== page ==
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5048 posts in 4740 days

#7 posted 01-29-2010 03:20 PM

Is that a thickness sander I see?

What make is it?

Is it a single phase ? and how many horse power is it?

Nice shop

-- "Good artists borrow, great artists steal”…..Picasso

View Dustin's profile


393 posts in 4296 days

#8 posted 01-29-2010 05:07 PM

roman, that is a 5hp single phase Shop Fox 26” double drum sander. I just got it last month and I love it so far. It’s very powerful and can actually take off quite a bit in one pass. I think I actually like drum sanders more than wide belts after using this. Replacing paper takes a while and is a pain but other than that I like it more than the wide belt I use.

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Todd A. Clippinger

8901 posts in 4946 days

#9 posted 01-29-2010 05:16 PM

My paper seems to last a long time.

The worst thing to do is hit pitch or sap with it. But most of the wood species I use do not pose this problem.

Good dust collection will also increase the life of the sandpaper by causing it to run clean and cooler.

Once in a while I blow the sandpaper off with compressed air to clean it. As you guessed, it can create a cloud, but that can be reduced somewhat if you shop vac as much out from under the hood as possible before using the compressed air.

-- Todd A. Clippinger, Montana,

View Bob Kollman's profile

Bob Kollman

1798 posts in 4037 days

#10 posted 01-29-2010 05:47 PM

Nice shop…

-- Bob Kenosha Wi.

View farmboyfd44's profile


17 posts in 4143 days

#11 posted 01-29-2010 10:52 PM

Dustin i have 2 3 hp shapers and if they went down i would be replacing them, i love them mine r mostly used 4 “V” grove paneling 2 are sooooo much faster and the old saying time is money? btw vary nice shop


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393 posts in 4296 days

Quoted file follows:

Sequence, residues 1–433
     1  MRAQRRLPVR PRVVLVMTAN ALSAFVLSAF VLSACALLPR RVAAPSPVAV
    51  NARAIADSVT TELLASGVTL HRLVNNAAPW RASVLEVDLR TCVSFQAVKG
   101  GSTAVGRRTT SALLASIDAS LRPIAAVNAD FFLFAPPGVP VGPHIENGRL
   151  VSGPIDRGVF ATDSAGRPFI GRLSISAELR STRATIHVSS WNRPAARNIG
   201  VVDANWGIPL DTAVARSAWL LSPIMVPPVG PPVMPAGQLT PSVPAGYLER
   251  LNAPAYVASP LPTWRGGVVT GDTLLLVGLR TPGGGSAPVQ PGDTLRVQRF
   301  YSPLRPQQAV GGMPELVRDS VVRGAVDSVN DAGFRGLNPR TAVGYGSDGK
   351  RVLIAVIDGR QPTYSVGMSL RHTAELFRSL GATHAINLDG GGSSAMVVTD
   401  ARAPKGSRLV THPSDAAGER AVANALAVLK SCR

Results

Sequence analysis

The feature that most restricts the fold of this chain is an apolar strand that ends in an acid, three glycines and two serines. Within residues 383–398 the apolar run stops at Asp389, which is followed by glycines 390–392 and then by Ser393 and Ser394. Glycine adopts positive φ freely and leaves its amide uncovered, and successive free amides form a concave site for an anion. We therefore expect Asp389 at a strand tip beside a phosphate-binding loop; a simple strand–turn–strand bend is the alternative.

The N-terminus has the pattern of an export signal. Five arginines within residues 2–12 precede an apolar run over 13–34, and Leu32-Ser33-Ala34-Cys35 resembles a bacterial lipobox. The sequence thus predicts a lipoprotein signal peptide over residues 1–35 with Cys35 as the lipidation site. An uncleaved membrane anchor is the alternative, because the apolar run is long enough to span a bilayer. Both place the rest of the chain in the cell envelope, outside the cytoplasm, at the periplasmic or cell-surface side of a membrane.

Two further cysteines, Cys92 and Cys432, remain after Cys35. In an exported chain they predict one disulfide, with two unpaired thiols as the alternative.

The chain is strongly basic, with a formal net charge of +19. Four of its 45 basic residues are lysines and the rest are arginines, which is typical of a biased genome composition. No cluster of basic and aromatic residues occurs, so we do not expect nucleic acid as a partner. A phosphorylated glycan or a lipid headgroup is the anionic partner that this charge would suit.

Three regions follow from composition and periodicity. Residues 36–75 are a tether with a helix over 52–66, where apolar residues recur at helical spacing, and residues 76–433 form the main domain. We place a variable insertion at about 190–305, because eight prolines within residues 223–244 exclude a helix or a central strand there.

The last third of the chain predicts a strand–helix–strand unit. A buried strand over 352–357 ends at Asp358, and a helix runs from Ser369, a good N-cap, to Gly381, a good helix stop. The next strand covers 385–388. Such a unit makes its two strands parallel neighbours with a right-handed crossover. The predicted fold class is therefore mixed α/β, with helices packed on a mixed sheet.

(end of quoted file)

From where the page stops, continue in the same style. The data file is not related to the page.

#12 posted 01-30-2010 02:04 AM

There is nothing better than having two shapers, except maybe having three ;) Put some pictures up of your shop farmboyfd44!!!

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2387 posts in 4393 days

#13 posted 01-30-2010 04:00 AM

Very nice. We run one single 3 hp grizzly shaper and we love it. It builds all of our doors. Since getting ready to move into an actual shop we will be looking to add at least one more shaper and probably 2 more shapers. I also see a lot of value in what router tables can offer so I hope to set up a few router tables in our shop. Anyway, looks like you have a real nice shop and nice set up. Have fun.

-- .

View farmboyfd44's profile


17 posts in 4143 days

#14 posted 02-17-2010 08:50 AM

Dustin I am in the process of moving in to a new (to me) shop i will post the photos as i get it done


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#15 posted 01-16-2013 04:25 AM

I have almost the same set up, I’m running twins as well. I have only used shaper cutters. One machine never changes, the other I change the cutters in and out. But I’m curious with the router bit set up. I’ve never tried a router bit in them, running at a slower speed how does that work for you?